Q6. Which one thing do you want to change in yourself and why?

I think, Change is something one just made up to make oneself feel good. I am okay with what I am; so, would prefer to do something else instead of changing myself.

Dr. Yogesh Chandra Tripathi

Q7. How do you see Indian Forest in terms in Research?

India is one of the 12 mega biodiversity countries of the world, which represents 11% of world’s flora in about 2.4% of global land mass. Approximately 28% of the total Indian flora and 33% of angiosperms occurring in India are endemic. The country possesses abundant biodiversity owing to its larger climatic and topographic gradient. Indian forests cover 22.5% of country’s geographical area and harbor more than 17000 angiosperms. Plants are important in maintaining a healthy environment by controlling erosion and reducing air and water pollution. The accumulated effects of more than a century of industrial activity, explosive population growth, severe shifts in land use, and various human activities have overpower the buffering effects of the natural processes that regulate global climate. The health and wellbeing of the human race could well rest on our achieving a better understanding on which a more rational exploitation of forest phytoresource is based. The multitude of medicinal and aromatic plant species, their intra-specific variants and wild relatives of important food and spice crops occurring in the forests of India, produce a large number of potential molecules. By tapping this unexplored potential through research interventions as well as with the support of the rich, varied and living tradition of using plants, our forest wealth can be utilized in a sustainable manner for the well being of mankind.

Q8. Which one thing do you like most about yourself?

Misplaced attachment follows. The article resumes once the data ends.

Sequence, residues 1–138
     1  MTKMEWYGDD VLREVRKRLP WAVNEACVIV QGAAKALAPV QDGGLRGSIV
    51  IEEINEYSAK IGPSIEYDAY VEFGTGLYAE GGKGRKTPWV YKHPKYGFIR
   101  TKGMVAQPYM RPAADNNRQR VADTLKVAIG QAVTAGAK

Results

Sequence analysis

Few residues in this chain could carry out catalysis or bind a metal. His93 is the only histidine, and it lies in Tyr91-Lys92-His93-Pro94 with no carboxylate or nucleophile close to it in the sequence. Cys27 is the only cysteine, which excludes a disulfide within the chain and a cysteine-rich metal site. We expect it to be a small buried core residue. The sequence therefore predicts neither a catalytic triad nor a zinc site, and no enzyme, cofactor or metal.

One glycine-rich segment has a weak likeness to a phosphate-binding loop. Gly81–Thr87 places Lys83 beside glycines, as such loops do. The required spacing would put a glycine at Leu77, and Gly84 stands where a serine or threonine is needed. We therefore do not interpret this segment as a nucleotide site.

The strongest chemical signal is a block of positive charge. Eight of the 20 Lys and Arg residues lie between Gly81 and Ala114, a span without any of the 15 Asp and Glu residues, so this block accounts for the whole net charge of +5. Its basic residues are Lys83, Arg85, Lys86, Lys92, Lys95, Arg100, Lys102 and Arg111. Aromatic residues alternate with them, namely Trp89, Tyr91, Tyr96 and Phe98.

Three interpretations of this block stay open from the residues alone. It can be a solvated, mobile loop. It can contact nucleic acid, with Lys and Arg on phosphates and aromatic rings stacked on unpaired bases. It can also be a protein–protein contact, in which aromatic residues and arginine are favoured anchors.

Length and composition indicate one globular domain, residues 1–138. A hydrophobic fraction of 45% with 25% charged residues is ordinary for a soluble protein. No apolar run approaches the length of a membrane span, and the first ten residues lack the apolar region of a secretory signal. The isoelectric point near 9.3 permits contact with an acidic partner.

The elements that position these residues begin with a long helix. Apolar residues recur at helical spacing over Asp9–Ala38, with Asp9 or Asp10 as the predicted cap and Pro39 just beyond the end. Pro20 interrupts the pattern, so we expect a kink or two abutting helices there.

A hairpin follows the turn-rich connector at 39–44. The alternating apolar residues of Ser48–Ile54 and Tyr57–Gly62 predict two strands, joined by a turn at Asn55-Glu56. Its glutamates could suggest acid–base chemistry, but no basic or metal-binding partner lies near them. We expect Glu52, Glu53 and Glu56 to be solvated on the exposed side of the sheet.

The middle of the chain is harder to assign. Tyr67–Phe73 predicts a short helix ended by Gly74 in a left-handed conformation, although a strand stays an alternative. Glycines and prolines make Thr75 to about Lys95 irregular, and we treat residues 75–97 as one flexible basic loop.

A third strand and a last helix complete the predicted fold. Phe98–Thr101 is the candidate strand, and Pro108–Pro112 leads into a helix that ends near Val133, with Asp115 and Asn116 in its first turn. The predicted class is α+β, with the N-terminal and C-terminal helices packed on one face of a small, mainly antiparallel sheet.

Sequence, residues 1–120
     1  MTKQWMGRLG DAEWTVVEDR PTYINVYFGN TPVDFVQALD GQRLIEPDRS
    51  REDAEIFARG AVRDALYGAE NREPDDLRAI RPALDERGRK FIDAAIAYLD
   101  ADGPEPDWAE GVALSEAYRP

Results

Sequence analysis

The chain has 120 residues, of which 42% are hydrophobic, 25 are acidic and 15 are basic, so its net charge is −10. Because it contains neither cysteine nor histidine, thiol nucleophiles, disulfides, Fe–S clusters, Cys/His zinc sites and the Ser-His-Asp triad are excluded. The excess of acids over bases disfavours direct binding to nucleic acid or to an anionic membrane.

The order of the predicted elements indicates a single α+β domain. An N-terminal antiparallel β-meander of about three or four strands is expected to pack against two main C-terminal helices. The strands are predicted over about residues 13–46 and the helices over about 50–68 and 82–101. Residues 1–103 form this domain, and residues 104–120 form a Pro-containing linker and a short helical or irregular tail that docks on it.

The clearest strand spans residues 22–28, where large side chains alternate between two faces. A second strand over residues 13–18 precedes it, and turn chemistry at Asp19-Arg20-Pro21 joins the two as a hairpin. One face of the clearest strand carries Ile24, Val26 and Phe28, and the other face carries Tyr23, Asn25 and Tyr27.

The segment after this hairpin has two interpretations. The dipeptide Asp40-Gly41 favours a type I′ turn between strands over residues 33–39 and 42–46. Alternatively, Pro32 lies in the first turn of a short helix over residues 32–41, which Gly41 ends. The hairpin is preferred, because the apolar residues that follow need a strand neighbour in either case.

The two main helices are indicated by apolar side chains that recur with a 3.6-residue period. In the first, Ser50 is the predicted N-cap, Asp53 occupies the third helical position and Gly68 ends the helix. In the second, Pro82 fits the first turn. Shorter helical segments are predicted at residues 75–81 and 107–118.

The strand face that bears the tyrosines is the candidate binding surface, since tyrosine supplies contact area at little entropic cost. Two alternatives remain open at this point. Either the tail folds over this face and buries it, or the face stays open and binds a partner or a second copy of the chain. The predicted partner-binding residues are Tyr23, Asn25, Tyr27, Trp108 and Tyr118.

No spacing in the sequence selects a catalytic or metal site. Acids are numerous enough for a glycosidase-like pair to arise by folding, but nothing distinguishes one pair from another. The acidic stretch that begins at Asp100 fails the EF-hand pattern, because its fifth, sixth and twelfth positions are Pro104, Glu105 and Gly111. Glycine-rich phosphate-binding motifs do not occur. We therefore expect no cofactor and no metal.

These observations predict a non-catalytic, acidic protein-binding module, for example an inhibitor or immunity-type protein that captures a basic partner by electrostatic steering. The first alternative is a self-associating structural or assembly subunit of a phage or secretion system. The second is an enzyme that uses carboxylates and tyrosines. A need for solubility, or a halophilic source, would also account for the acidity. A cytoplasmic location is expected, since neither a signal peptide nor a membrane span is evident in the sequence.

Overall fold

Patience and Organizing Skill

Q9. What kind of problems have you faced in your Research and how did you remove it?

Inadequate funding has been one of the major issue smooth implementation of research projects. I tackled such problems by proper planning, efficient cost management and avoiding any cost overruns.

You get more about Dr. Yogesh Chandra Tripathi @

Academic Identities

ORCiD : 0000-0003-1367-5122
ResearcherID : E-3533-2015
Scopus Author ID : 7006745212
LiveDNA ID : 91.4468
Vidwan ID : 56081

Web Links:

Google Scholar : https://scholar.google.co.in/citations?user=DBYY9d8AAAAJ&hl=en

ResearchGate : https://www.researchgate.net/profile/YOGESH_TRIPATHI/

Linkedin : https://www.linkedin.com/in/dr-yogesh-chandra-tripathi-74666112/

Academiaedu : https://fri.academia.edu/YCTripathi

ORCiD : https://orcid.org/0000-0003-1367-5122

Mendeley : https://www.mendeley.com/profiles/yogesh-chandra-tripathi/

Publons : https://publons.com/researcher/921413/yc-tripathi/

Figshare : https://figshare.com/authors/Y_C_TRIPATHI/2603995

Vidwan : https://vidwan.inflibnet.ac.in//profile/56081

LiveDNA : https://livedna.net/?dna=91.4468

One thought on “Plants are important in maintaining a healthy environment by controlling erosion and reducing air and water pollution. – Dr. Yogesh Chandra Tripathi

Leave a Reply

Your email address will not be published. Required fields are marked *